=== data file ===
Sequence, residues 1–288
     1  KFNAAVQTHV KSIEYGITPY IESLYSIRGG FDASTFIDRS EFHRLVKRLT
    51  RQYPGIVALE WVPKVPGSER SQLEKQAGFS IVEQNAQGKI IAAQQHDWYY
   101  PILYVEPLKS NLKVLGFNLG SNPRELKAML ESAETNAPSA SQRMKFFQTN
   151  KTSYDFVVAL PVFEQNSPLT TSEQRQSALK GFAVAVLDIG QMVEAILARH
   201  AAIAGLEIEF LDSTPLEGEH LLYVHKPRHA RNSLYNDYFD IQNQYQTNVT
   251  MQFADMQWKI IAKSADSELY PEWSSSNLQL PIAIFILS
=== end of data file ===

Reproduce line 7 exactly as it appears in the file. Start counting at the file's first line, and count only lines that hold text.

   251  MQFADMQWKI IAKSADSELY PEWSSSNLQL PIAIFILS